I know you have already had some reports about this event but I wanted to give you the point of view of a first-timer to this sort of event.
I have never been to any sort of convention of any kind and so was really looking forward to, but was a little apprehensive about the event. It had been really hyped up on the aaaevents site, and I was a little disappointed to find out how small it actually was when we arrived on Saturday morning. I bought two three day standard passes, and was worried that there would not be enough to do to cover the three days. How wrong I was.
There were a few problems at the start and it kicked off a little late but it was worth the wait as Craig and Mark took the stage closely followed by Bernard Hill. He seemed a little nervous but soon eased into the question and answer session. By mistake, I found myself in a Tolkien society v. John Noble’s Denethor lecture, but I enjoyed it so much I was glad I had got the times wrong. He was very relaxed with the small collection of people watching and willingly answered a variety of questions about his character and performance (I enjoyed it so much that I sat in on another 3 of his Q&A sessions). After this I stayed on in the Talan to listen to 2 lectures on costumes (held by Julia McGee (JediElfQueen) and Maggie Percival) while my partner went off to beat Games Workshop staff at their own game. Following this I got involved in some Hobbit dancing and listened to John Noble’s Q&A, and then a costuming workshop where I recreated a (very cheap) version of Galadriel’s pin….not too professional looking but still a bargain for £2 and perfect for children. We finished the day at the Bilbo’s Sing-along party which was closed (very) early due to poor turn out, but still a good first day.
My second day started with video and slides from Gino Acevado and Lawrence Makoare, covering his transformation from human to Lurtz. This was followed by some shopping at the selection of stalls at the event which covered a variety of price bands (from trips to NZ and £350 Fellowship cloaks to trading cards, posters and pewter ornaments) because I missed the Sindarin lecture I wanted to attend. After this I was lucky enough to be in the front row of the stunt fighting demonstration by Lawrence Makoare and Jed Brophy. It was the highlight of the day. Both performers seemed at ease with the crowd and it turned out to be a very funny experience. The awwww factor was brought in by a very small boy dressed as Gimli, who pretended to embed his toy axe into Lawrence’s back. After the successful charity auction (around £2700 raised for Beat Bullying I believe) my next visit was to a lecture (again held by the Julia McGee) about the materials that could be used to make costumes, followed by a Tengwar lecture from the Tolkien society. Later I attended Galadriel’s Ball which was better attended than the previous night and was full of people dressed in a variety of costumes. After a bit of ‘Strip the Willow’ the party was in full swing and was enjoyed by all who attended.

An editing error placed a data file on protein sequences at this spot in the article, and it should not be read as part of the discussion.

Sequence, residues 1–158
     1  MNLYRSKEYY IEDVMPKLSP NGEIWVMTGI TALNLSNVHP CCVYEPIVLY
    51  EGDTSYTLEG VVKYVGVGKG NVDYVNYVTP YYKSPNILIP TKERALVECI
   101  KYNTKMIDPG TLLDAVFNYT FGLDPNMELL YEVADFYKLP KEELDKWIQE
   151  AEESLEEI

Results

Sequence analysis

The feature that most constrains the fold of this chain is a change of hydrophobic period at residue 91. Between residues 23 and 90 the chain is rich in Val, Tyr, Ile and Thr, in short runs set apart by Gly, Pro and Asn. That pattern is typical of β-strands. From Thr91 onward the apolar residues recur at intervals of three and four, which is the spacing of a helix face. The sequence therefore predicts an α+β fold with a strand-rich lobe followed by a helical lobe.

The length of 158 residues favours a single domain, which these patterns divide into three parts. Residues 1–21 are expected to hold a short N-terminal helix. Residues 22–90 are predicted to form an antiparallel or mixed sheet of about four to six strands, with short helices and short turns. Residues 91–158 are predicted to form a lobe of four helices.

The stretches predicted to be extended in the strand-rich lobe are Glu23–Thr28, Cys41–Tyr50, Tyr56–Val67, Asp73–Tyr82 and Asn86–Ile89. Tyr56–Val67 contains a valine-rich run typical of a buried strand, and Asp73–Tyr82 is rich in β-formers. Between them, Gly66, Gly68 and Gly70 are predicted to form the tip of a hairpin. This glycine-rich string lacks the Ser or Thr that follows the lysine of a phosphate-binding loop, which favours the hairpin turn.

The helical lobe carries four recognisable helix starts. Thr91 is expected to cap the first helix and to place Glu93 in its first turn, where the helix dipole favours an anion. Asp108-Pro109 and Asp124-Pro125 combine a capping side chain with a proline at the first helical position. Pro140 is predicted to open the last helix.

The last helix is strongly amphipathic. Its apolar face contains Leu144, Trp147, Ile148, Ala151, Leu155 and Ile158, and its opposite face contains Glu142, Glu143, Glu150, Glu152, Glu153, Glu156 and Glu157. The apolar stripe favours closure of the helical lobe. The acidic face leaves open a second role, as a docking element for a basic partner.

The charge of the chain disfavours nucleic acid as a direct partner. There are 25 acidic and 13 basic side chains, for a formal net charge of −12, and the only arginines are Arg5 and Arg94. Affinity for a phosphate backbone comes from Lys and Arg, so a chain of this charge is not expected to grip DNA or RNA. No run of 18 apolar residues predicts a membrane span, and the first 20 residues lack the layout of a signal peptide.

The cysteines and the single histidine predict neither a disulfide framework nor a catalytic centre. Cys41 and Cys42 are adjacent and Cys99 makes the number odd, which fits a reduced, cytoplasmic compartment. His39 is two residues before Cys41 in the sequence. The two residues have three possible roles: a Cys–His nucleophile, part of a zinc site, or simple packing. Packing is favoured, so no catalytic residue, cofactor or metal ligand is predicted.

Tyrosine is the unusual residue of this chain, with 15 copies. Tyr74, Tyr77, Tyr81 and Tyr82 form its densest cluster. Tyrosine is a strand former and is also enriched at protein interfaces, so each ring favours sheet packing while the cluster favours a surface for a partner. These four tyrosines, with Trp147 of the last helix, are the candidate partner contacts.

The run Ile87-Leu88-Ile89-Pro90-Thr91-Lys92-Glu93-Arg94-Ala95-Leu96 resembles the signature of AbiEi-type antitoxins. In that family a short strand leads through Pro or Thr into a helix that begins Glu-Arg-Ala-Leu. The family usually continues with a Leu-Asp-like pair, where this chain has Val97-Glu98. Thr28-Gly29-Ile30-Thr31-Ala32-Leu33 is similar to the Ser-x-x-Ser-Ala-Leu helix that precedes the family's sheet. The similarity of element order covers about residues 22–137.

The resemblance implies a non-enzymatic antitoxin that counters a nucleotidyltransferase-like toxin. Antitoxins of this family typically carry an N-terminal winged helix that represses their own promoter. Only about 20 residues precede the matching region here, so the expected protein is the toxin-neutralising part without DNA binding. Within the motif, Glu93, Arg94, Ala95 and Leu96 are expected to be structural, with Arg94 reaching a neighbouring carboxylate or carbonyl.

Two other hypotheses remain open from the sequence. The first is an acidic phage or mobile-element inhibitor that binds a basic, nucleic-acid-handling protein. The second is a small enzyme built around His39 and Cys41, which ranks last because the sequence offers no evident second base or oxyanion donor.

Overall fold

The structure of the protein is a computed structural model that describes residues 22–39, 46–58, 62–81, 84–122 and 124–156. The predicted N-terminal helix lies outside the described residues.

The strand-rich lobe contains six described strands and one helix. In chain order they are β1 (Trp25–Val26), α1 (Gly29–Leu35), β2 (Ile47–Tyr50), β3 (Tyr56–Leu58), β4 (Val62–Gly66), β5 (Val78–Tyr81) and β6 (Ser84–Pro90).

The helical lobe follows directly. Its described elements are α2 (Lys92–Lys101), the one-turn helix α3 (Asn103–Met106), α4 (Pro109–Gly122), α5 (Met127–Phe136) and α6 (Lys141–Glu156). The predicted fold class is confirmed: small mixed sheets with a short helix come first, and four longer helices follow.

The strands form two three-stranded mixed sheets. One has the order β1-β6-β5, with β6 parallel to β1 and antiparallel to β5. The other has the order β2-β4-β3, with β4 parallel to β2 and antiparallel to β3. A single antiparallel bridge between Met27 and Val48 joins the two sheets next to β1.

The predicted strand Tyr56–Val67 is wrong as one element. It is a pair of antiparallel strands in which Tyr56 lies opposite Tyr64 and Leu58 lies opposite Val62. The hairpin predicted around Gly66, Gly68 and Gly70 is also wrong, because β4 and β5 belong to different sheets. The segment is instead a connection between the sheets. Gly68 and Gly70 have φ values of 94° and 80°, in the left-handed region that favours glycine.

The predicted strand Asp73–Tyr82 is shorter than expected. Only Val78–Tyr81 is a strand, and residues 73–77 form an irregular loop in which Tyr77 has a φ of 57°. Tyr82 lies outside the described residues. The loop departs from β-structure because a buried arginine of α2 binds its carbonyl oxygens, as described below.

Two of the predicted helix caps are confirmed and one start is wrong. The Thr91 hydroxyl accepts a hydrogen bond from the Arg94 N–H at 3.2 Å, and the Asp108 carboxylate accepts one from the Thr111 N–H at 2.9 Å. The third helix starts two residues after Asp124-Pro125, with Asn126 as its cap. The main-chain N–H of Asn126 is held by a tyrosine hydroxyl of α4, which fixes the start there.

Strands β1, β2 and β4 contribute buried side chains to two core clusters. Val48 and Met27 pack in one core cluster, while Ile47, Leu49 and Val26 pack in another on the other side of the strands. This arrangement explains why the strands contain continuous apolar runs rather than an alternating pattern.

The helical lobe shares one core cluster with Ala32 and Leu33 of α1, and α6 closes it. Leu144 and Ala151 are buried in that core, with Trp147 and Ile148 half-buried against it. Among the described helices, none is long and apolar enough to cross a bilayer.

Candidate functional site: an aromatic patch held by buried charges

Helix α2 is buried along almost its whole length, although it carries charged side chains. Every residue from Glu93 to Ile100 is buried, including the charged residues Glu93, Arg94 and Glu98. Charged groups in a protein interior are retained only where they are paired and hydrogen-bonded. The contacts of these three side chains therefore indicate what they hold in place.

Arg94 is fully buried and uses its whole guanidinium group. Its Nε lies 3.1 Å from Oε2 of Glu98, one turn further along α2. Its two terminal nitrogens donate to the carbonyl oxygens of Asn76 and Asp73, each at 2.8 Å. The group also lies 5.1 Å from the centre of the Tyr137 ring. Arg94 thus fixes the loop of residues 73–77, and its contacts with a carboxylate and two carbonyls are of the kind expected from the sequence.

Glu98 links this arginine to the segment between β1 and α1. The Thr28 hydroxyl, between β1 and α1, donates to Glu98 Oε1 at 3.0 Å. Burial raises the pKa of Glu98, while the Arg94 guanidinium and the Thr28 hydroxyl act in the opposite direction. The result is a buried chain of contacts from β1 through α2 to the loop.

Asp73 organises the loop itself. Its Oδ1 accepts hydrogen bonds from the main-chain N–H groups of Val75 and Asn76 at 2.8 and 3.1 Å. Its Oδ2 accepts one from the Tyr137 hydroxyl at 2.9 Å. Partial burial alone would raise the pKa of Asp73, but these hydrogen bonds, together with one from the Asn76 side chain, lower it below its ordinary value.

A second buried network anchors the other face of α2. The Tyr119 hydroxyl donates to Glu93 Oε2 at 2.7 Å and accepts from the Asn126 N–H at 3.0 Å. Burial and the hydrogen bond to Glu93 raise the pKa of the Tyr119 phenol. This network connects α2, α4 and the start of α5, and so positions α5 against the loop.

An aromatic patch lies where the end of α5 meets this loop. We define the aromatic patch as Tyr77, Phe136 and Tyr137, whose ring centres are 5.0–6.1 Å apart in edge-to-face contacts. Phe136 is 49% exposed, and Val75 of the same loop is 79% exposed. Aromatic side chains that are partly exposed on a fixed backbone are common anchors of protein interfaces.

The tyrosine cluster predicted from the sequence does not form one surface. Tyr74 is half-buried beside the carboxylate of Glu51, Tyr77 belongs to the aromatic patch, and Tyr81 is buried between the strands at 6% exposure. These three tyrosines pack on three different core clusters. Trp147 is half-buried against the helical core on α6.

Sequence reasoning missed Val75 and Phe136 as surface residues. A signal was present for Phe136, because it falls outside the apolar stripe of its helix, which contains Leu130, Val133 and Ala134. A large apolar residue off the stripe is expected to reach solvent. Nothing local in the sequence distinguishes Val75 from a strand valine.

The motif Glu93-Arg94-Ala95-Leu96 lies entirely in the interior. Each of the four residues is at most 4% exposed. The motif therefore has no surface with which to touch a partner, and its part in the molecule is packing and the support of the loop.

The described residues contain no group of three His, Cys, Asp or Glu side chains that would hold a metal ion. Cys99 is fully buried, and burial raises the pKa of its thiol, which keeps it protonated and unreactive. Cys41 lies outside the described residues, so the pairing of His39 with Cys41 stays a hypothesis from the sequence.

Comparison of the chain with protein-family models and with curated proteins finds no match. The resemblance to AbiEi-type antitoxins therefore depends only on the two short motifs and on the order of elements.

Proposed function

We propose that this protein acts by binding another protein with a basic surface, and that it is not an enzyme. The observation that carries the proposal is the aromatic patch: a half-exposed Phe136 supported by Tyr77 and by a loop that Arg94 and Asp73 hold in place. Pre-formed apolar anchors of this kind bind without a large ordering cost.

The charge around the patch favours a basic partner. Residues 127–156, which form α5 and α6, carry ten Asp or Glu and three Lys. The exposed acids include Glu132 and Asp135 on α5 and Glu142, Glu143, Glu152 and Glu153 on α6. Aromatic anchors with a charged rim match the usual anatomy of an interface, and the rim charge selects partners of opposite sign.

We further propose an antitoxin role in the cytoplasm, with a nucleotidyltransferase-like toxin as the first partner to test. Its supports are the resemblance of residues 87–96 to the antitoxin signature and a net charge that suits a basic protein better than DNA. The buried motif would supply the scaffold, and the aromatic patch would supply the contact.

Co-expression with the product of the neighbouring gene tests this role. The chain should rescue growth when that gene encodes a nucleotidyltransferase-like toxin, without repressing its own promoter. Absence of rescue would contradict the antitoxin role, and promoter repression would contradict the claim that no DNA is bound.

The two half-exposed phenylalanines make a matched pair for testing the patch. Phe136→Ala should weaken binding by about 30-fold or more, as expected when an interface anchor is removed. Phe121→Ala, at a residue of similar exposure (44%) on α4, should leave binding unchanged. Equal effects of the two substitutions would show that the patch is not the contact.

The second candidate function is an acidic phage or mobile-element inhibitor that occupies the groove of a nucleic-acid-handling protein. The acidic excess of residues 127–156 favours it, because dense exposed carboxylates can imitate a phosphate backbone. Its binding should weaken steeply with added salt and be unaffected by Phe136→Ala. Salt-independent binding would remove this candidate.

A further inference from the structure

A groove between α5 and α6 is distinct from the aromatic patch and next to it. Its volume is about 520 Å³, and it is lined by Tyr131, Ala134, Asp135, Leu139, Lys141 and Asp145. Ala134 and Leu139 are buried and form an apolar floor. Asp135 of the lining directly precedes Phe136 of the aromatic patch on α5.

Even after two days, I was still looking forward to the final days events. Bernard Hill was first up again and after listening to him answer questions I made my way into the Talan for a lecture on the materials and clothing worn in the different areas of Middle-Earth (we particularly looked at the women of Dale) held by Maggie Percival. I was desperate to make a Fellowship pin and so joined in with another costuming workshop to create my version of the famous pin. Again, it was on the cheap and cost only £1 but it was a bargain!! Since I had managed to miss every other Q&A with Karl Urban I made a special effort to get to this last one. I was glad I went as he was pleasant and joked with the crowd. Zainab Thorp had been holding Elvish lessons, and I managed to catch the final lecture on conversational Sindarin. She gave out plenty of resources and plenty of information to continue our quest to learn the noble tongue. The closing ceremony was filled with prize giving for the variety of competitions held of the three days, including a trip for two to New Zealand (unfortunately I did not win, but considering we have only just come back from NZ, I was not too disappointed). To fill some time before the Minas Tirith Library Challenge, we played on the games provided by EA Games (of which I particularly liked the PC game Battle for Middle-Earth) before coming 4th (out of about 15) in the trivia challenge. The prizes included Game cubes (for the Art, Poetry and Film winners) and trivia and board games, trading card packs, signed art works and cards for the winners of the trivia quiz (we got a LOTR Trivia game, Hobbit Board game and two packs of trading cards for coming fourth).
All in all, it was a very enjoyable three days. Personally I was glad that there were less people than expected because there was plenty of room to move around and see the events. As it was my first convention I have nothing to compare it to but I enjoyed it and would definitely consider going back next year or going to another event. All the guests were very nice and mixed with us, chatting and having photos taken regardless. I am glad I went and would recommend any fan to go next year.